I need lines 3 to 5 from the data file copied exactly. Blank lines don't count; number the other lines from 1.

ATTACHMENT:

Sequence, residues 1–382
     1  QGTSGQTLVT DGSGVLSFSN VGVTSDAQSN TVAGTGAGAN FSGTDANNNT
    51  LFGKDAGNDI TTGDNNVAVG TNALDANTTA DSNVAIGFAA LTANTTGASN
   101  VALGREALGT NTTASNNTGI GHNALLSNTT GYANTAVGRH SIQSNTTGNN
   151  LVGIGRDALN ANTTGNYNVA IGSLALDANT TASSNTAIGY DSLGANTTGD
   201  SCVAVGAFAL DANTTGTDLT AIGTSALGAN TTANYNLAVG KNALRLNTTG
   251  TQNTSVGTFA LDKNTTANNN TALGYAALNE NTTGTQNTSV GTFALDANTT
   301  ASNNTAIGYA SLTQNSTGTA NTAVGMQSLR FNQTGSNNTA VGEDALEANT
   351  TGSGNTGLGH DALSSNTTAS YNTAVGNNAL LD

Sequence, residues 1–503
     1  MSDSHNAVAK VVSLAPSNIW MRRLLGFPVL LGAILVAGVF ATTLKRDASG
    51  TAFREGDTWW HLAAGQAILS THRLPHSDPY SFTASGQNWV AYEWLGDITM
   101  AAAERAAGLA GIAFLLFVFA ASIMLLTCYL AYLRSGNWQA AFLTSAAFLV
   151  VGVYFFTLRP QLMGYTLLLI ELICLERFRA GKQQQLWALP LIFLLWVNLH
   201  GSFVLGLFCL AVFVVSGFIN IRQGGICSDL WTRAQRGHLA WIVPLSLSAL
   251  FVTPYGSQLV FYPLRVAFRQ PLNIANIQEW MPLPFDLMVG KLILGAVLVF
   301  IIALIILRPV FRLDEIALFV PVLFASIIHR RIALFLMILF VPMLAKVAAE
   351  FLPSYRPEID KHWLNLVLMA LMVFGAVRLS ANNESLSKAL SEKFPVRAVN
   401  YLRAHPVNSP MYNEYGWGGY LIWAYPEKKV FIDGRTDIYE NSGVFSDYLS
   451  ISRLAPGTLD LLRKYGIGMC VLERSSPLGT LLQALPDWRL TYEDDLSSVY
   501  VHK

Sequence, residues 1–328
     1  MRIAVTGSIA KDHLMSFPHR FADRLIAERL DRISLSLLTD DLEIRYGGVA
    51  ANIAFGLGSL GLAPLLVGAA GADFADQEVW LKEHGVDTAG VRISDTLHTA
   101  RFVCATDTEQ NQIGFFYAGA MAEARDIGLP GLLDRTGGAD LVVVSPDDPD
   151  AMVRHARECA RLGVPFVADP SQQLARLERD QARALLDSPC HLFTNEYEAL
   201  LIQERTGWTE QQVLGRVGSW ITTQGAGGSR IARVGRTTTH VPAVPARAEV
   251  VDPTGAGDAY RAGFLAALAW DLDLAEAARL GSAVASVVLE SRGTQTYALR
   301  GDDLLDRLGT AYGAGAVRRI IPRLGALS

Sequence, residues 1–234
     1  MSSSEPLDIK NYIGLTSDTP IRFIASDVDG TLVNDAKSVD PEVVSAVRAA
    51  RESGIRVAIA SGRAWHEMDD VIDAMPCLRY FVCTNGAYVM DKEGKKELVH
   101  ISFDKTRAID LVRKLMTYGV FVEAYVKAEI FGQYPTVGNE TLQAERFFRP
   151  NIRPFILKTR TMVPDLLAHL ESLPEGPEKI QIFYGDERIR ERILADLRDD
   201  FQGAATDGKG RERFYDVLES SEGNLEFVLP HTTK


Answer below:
    51  LFGKDAGNDI TTGDNNVAVG TNALDANTTA DSNVAIGFAA LTANTTGASN
   101  VALGREALGT NTTASNNTGI GHNALLSNTT GYANTAVGRH SIQSNTTGNN
   151  LVGIGRDALN ANTTGNYNVA IGSLALDANT TASSNTAIGY DSLGANTTGD